Last week, West Virginia Republican Gov. Jim Justice signed a bill into law banning gender-affirming care for minors, becoming the twelfth state to restrict doctors from prescribing such treatments.
Beginning in 2024, anyone under 18 is barred from accessing hormone therapy, puberty blockers, and gender-affirming surgery, although physicians in West Virginia say that surgery isn’t recommended for minors.
Doctors who prescribe such treatments can potentially face disciplinary measures or be threatened with the loss of their license to practice.
As with similar bans on gender-affirming care in other states, physicians can prescribe gender-affirming care — including potentially unnecessary surgical interventions — for minors who are intersex or are born with “sexual development disorders.” There is also an exception for doctors treating individuals for infections or disorders caused by a previous transition attempt.
Additionally, West Virginia’s law — unlike the 11 other states with bans on gender-affirming care — contains an exemption that would allow doctors to prescribe medical therapy for a teenager if they are considered at risk for self-harm or suicide, reports The Associated Press.
To qualify for such an exemption, a patient must receive parental consent and two separate diagnoses of “severe gender dysphoria” from two doctors, including a mental health provider.
West Virginia Republicans, like GOP lawmakers in other states, have argued that gender-affirming treatments are scientifically unproven and lack sufficient research on their long-term effects. They argue that prescribing treatments that aid a person in transitioning may overlook underlying emotional or mental health issues.
Proponents of such bans also argue that, particularly with increased LGBTQ visibility in society, young people are being overly influenced by peer pressure and social media to identify as transgender or outside the gender binary, and, if unchecked, would pursue medical interventions that they would later come to regret later in life.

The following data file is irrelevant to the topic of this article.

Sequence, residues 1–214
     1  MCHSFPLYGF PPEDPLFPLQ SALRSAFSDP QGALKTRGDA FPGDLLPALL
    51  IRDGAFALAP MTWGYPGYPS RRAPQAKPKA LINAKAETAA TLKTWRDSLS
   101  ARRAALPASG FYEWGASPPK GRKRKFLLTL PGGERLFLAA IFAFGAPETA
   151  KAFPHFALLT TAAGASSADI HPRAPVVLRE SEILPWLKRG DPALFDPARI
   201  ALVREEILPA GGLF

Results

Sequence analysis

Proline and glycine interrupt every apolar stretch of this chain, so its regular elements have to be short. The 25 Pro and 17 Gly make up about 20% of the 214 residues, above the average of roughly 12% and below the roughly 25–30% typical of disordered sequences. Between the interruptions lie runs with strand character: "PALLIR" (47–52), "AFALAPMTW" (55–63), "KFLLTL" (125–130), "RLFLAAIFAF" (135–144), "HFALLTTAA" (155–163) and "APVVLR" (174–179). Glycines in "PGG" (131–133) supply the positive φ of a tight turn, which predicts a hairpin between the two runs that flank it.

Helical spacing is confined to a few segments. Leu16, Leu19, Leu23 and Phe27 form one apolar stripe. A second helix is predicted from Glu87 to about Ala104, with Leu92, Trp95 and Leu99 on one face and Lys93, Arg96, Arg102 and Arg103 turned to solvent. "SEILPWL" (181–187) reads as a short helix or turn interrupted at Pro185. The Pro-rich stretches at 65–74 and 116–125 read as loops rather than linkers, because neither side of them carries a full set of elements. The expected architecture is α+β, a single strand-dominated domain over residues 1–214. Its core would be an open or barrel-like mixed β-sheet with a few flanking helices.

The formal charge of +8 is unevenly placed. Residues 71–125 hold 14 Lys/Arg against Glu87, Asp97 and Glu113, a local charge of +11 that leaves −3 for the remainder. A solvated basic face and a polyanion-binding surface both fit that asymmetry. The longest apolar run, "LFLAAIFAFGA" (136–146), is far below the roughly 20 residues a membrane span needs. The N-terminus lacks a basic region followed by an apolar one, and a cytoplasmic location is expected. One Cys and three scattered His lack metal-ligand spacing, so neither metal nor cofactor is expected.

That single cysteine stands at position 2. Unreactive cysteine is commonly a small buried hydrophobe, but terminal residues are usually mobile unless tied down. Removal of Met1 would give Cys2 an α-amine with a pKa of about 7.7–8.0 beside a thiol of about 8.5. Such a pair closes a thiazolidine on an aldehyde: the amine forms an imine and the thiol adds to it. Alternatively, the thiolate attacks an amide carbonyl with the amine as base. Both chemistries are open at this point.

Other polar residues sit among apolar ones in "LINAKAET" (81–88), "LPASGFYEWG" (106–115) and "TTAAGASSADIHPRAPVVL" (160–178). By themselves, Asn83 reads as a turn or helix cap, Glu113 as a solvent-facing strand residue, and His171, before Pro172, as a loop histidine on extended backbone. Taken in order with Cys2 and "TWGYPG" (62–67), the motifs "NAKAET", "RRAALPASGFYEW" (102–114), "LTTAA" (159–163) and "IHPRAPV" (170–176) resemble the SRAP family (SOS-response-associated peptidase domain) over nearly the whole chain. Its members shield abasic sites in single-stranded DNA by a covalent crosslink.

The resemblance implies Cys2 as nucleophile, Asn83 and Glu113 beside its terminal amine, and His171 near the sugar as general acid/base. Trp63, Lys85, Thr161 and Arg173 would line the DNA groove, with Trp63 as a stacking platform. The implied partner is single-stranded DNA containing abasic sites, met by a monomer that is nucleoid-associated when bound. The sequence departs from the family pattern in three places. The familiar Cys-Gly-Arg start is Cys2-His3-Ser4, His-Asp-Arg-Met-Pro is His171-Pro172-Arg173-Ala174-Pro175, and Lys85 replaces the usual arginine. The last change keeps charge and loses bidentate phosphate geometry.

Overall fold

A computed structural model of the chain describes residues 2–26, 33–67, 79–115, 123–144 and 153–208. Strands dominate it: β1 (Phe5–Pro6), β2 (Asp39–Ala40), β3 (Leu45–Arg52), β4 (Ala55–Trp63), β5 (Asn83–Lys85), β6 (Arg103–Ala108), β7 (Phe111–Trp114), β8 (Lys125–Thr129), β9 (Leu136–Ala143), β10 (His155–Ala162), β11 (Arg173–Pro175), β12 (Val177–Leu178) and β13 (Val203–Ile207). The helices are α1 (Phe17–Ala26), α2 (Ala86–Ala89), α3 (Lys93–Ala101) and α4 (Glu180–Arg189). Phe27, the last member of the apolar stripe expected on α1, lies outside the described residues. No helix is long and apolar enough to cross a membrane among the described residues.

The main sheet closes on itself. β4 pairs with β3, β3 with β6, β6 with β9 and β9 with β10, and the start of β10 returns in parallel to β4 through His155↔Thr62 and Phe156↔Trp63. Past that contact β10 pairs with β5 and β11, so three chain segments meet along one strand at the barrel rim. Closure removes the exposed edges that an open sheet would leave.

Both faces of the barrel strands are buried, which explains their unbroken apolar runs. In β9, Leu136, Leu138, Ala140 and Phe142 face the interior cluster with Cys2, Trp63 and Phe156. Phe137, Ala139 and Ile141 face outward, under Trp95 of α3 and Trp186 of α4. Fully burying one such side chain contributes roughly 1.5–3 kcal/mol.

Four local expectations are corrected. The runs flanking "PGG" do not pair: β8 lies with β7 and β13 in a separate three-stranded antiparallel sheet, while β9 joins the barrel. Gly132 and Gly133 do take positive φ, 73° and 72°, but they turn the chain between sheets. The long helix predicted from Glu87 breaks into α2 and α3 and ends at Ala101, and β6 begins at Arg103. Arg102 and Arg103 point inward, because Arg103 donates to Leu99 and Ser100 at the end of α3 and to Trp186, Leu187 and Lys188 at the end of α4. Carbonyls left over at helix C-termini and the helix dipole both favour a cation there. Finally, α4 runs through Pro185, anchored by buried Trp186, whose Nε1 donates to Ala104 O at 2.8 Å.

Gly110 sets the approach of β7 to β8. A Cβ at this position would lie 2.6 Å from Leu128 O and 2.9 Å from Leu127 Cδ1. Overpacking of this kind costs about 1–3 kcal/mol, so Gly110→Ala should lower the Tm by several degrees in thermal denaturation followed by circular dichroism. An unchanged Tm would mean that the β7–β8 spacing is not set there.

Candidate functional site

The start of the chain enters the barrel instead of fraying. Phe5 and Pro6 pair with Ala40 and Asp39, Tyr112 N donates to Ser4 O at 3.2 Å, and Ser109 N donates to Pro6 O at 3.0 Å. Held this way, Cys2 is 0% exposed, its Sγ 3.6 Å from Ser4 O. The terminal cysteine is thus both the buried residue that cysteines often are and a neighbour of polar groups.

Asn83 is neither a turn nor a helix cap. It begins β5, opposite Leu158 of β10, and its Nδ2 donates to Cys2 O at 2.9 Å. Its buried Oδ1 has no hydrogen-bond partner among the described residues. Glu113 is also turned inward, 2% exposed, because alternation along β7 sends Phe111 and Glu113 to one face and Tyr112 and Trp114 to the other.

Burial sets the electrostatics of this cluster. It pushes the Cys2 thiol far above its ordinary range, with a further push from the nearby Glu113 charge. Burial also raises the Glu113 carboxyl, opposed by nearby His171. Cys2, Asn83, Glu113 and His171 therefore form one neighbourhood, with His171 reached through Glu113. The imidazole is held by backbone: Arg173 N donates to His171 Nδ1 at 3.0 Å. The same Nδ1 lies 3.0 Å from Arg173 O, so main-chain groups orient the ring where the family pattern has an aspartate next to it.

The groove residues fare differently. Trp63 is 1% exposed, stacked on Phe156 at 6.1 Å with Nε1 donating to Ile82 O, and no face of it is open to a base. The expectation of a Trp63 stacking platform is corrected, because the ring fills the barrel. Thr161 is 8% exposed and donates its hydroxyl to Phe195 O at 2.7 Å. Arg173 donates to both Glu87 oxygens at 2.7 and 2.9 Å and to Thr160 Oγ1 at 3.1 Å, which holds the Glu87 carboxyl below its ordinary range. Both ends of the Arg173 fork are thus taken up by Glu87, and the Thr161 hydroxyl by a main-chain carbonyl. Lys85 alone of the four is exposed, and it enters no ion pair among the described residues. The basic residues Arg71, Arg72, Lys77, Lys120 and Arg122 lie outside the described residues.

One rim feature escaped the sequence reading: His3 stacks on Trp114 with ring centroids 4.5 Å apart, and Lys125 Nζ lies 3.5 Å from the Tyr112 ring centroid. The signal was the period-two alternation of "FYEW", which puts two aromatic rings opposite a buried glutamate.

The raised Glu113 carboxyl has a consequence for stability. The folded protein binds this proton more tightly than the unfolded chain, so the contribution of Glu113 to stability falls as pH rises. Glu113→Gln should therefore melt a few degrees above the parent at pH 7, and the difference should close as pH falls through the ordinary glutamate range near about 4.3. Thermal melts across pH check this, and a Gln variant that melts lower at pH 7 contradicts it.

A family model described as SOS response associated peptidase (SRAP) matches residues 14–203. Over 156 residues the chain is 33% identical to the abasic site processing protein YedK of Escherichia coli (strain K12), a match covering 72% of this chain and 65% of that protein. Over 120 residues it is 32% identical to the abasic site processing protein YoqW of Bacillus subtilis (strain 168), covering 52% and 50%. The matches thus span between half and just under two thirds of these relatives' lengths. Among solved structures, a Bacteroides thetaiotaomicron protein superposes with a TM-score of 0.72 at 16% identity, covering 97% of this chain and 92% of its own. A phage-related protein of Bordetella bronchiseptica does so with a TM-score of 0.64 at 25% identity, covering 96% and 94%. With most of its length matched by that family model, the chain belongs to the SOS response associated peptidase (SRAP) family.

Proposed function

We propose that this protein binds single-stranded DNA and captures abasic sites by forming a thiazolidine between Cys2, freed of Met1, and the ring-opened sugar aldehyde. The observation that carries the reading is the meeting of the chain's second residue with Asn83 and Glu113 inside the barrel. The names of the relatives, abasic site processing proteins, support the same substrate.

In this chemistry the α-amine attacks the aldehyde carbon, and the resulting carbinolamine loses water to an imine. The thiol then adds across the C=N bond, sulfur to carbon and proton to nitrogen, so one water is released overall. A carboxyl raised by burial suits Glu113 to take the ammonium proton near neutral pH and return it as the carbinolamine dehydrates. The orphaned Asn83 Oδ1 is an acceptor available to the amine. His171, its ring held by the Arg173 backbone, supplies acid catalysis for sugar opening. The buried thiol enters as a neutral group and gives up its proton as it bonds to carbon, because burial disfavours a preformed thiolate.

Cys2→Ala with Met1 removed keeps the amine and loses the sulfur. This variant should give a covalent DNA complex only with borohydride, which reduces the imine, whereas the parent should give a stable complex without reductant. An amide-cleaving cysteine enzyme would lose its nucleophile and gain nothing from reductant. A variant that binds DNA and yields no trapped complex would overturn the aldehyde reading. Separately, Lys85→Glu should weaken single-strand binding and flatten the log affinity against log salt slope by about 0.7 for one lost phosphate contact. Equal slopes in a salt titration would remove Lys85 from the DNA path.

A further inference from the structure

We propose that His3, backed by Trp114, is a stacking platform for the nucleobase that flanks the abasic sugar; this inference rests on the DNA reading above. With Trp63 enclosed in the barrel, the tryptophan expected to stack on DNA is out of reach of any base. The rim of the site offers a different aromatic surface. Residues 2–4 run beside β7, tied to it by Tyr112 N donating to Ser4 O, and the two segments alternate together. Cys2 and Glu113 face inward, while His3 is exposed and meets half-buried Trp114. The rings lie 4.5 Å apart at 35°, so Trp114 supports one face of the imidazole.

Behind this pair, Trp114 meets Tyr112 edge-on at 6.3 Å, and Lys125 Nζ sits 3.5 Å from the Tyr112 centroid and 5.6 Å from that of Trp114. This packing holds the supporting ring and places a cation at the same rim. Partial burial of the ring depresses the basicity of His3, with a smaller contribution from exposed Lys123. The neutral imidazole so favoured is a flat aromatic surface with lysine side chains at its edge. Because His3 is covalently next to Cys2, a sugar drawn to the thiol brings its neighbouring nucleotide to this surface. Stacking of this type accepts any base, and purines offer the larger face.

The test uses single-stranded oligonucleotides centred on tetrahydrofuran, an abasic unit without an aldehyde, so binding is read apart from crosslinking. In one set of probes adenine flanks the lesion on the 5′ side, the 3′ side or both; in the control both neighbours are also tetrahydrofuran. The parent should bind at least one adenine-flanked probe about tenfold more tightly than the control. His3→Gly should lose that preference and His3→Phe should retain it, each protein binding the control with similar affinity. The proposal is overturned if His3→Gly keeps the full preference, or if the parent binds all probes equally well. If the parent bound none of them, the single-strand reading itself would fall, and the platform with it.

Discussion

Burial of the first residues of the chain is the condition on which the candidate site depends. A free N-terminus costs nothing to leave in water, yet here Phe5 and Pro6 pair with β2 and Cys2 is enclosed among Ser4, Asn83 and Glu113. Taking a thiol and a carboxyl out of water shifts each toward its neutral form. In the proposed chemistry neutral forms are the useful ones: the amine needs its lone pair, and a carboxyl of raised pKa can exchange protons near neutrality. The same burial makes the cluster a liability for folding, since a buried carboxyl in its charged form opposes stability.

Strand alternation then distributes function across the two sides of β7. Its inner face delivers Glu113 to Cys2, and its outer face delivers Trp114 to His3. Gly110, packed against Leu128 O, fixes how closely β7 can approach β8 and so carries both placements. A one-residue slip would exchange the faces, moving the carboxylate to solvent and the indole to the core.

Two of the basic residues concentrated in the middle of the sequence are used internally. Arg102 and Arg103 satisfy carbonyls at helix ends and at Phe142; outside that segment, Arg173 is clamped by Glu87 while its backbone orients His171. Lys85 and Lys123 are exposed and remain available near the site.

However, most major medical organizations, including the American Medical Association, the American Academy of Pediatrics and the American Psychiatric Association, support allowing trans-identifying children to access gender-affirming care, with the approval of their parents and personal physicians.
Lawsuits have been brought against bans in Alabama and Arkansas, with federal judges temporarily blocking those states’ laws from taking effect. Whether a similar lawsuit in West Virginia will be launched remains to be seen.
Fairness West Virginia, the state’s top LGBTQ advocacy group, condemned the law as a form of government interference into family and individual medical decisions, but offered advice to transgender youth and their parents, encouraging them to consult with doctors to see if they qualify for the “severe gender dysphoria” diagnosis exemption and ensure any current prescriptions are filled.
The organization also noted that youth struggling with their gender identity are still able to access mental health care services, which are not prohibited under the law, and that the law does not prevent parents of transgender children from seeking out health care services in other states.
“Lawmakers have no business telling parents whether or not they can take their child to the doctor to receive medically-necessary, lifesaving treatment,” Isabella Cortez, the gender policy manager for Fairness West Virginia.
Referring to the law’s two-doctor diagnosis exemption, Cortez said, “While this bill was made better, it’s still unacceptable that our lawmakers would even consider legislating important health care decisions that should be left up to the patients, their families, and their providers.”
“Our lawmakers need to stop trying to incite these pointless culture wars by inventing problems that don’t exist,” the group’s executive director, Andrew Schneider, said in a statement. “Gender-affirming care is medically necessary and practiced by skilled doctors who adhere to strong, peer-reviewed professional standards. Not a single doctor in West Virginia said this bill was necessary, and yet our lawmakers wasted countless hours and taxpayer dollars to pass it. Think of all the other problems — real problems — facing our state that we could have tackled instead of fighting over this bill.”
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